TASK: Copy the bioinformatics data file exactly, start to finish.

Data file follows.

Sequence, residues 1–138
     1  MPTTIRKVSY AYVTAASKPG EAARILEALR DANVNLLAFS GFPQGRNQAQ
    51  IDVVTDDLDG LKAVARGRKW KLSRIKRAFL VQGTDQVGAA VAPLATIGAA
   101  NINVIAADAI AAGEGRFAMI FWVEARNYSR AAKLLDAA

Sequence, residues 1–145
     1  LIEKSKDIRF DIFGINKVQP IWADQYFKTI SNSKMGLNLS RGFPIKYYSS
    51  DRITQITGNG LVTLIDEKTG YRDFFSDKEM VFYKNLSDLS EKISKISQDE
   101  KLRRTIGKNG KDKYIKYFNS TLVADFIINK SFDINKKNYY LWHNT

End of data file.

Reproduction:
Sequence, residues 1–138
     1  MPTTIRKVSY AYVTAASKPG EAARILEALR DANVNLLAFS GFPQGRNQAQ
    51  IDVVTDDLDG LKAVARGRKW KLSRIKRAFL VQGTDQVGAA VAPLATIGAA
   101  NINVIAADAI AAGEGRFAMI FWVEARNYSR AAKLLDAA

Sequence, residues 1–145
     1  LIEKSKDIRF DIFGINKVQP IWADQYFKTI SNSKMGLNLS RGFPIKYYSS
    51  DRITQITGNG LVTLIDEKTG YRDFFSDKEM VFYKNLSDLS EKISKISQDE
   101  KLRRTIGKNG KDKYIKYFNS TLVADFIINK SFDINKKNYY LWHNT